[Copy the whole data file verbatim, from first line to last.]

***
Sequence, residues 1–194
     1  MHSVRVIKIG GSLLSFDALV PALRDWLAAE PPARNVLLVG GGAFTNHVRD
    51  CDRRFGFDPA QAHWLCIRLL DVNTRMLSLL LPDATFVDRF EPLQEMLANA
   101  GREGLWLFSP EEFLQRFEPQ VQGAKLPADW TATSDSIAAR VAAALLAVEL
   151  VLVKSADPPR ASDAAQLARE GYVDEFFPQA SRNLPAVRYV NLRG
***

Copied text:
Sequence, residues 1–194
     1  MHSVRVIKIG GSLLSFDALV PALRDWLAAE PPARNVLLVG GGAFTNHVRD
    51  CDRRFGFDPA QAHWLCIRLL DVNTRMLSLL LPDATFVDRF EPLQEMLANA
   101  GREGLWLFSP EEFLQRFEPQ VQGAKLPADW TATSDSIAAR VAAALLAVEL
   151  VLVKSADPPR ASDAAQLARE GYVDEFFPQA SRNLPAVRYV NLRG